By Praveen Menon
WELLINGTON (Reuters) - New Zealand Prime Minister Jacinda Ardern extended a lockdown in the country's biggest city on Friday in response to the first national coronavirus outbreak in months, sticking with a "go early, go hard" approach she said has proven effective.
Ardern said genomic testing has shown the latest outbreak is a different strain to the original outbreak in New Zealand earlier in the year, suggesting it was new to the country.
The New Zealand leader said lockdown measures in Auckland, home to about 1.7 million people, and social distancing measures across the country that were imposed on Wednesday would remain in place for another 12 days.
Her swift action followed the discovery on Tuesday of the country's first COVID-19 infections in 102 days, in a family in Auckland. Since then, officials have identified a total of 29 cases, all linked to the same cluster.
"As we have said from the start, our overall Covid-19 strategy remains elimination," Ardern said in a televised media conference. "Together, we have got rid of Covid before. We have kept it out for 102 days, longer than any other country. We can do all of that again."
Ardern is under pressure ahead of a upcoming general election, with the main opposition National Party accusing the government of failing to secure quarantine facilities and withholding information.
Ardern said contact tracing and genomic testing had found no links with the current outbreak to the country's border entry points or managed quarantine facilities. She said genome sequencing disproved the theory from some health experts that the virus could have been quietly moving through community since the original outbreak.
"This suggests this is not a case of the virus being dormant or of a burning ember in our community," she said. "It appears to be new to New Zealand."
Health Minister Chris Hipkins said earlier that genome testing suggested the new virus outbreak had originated in Britain or Australia.
Ardern cautioned that more cases were likely in the coming days but said she was confident officials would successfully identify the "perimeter" of the cluster - if not its source - allowing them to isolate cases and remove restrictions.
The earliest case authorities have identified to date is a worker at an Auckland-based cool store owned U.S.-based Americold Realty Trust, who became ill around July 31. Almost a dozen other infections have been directly linked to the facility.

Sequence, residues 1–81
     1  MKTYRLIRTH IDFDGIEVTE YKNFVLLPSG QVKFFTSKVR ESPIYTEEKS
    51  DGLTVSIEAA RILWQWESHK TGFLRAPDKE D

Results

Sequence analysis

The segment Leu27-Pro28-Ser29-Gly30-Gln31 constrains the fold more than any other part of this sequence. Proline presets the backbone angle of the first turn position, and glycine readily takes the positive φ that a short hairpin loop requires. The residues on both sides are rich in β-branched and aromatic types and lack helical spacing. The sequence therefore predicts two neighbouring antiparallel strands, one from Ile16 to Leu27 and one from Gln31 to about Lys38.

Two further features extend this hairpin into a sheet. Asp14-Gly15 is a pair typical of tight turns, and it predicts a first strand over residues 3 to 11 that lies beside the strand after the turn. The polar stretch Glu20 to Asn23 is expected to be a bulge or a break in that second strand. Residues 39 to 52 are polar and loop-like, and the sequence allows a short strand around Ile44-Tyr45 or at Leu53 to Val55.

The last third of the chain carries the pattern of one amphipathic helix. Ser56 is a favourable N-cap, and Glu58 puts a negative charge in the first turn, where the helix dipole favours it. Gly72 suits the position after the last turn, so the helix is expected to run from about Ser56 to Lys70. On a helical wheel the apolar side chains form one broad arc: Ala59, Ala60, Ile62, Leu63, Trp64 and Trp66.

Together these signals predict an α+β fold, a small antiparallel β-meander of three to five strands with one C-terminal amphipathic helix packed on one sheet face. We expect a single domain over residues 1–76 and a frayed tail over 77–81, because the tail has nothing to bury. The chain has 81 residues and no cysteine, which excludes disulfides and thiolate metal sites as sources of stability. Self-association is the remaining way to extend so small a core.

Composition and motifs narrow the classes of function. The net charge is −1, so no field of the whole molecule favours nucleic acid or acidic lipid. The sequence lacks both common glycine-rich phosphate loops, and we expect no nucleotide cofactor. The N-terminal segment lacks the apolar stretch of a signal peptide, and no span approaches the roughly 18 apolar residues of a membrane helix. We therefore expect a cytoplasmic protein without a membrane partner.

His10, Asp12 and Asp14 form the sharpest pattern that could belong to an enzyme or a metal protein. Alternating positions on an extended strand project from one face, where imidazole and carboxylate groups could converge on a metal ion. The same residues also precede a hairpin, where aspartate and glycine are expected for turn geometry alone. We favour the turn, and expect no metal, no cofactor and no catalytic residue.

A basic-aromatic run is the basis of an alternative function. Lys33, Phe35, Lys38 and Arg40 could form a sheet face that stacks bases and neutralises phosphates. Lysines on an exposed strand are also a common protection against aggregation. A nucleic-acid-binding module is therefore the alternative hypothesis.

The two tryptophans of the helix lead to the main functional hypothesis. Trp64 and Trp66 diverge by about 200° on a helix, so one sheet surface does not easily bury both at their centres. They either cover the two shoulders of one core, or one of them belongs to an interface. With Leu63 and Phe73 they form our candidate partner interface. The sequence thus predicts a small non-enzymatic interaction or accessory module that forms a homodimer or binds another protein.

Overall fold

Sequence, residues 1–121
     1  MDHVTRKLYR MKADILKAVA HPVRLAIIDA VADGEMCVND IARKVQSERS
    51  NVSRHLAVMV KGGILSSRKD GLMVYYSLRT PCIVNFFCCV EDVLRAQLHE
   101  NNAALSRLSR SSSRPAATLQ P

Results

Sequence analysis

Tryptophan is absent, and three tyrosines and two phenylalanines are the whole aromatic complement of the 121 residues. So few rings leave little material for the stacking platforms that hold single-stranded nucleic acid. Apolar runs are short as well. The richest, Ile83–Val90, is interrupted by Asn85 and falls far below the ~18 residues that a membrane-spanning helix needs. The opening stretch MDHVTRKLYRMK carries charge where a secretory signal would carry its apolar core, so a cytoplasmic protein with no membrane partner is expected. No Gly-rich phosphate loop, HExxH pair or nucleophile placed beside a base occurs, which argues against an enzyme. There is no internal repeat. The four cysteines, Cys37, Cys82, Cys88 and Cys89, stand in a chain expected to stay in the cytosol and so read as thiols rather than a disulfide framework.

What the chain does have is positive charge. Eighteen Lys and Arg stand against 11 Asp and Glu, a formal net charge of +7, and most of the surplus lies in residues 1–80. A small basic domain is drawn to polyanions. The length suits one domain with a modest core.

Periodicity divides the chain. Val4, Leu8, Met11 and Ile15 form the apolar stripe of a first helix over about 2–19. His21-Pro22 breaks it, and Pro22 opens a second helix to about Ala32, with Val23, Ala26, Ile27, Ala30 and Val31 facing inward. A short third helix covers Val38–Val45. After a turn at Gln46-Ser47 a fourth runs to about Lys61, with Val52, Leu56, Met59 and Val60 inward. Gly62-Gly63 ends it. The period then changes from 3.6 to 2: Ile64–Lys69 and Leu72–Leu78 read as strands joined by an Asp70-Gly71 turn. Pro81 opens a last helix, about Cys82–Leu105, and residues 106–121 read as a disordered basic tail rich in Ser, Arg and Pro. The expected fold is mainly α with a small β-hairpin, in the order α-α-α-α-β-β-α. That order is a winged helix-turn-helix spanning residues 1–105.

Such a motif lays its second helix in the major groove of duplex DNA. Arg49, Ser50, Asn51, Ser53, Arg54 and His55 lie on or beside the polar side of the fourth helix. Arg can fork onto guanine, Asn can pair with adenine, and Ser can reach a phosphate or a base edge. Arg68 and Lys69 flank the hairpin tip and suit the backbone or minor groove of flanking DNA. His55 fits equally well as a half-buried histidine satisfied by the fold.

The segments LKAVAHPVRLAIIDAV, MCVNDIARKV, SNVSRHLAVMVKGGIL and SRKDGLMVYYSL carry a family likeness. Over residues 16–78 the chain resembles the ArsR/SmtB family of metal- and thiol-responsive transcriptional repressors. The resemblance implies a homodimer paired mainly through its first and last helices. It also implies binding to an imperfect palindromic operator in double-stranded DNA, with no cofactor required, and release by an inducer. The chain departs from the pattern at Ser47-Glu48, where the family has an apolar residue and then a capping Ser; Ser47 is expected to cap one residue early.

The current Level 3 restrictions in Auckland requiring people to mostly remain at home, and level 2 restrictions for the rest of the country, are not as severe as the five-week level 4 shutdown she imposed earlier in the year.
"I would characterise our approach as a ‘short but precautionary hold’ in an ongoing investigation that will stamp out the virus," she said of the current measures, which will last a total of 14 days, the known incubation period for the virus.
The opposition National Party has been pressuring Ardern to delay the Sept. 19 election, arguing their inability to campaign because of restrictions gave her government an unfair advantage. Ardern said on Friday she would make a decision in the next 48 hours.
New Zealanders celebrated when Ardern appeared to eliminate community transmission of the coronavirus with the earlier hard lockdown that forced almost everyone to stay at home.
There were concerns a repeat of that process would come with a huge economic cost and Ardern on Friday announced the extension of a wage subsidy scheme and mortgage deferral program to support businesses and protect jobs.
"Lifting restrictions now and seeing a potential explosion in cases is the worst thing we could do for Auckland and the New Zealand economy," she said.
Prior to the extension announcement, Westpac Banking Corp estimated the current level of lockdown measures in Auckland and the rest of New Zealand would cost the economy about NZ$300 million, or 0.5% of gross domestic product.
Reserve Bank of New Zealand Deputy Governor Geoff Bascand told Reuters a sustained resurgence of the virus posed "a major risk" to the bank's outlook.
(Reporting by Praveen Menon; Editing by Jane Wardell)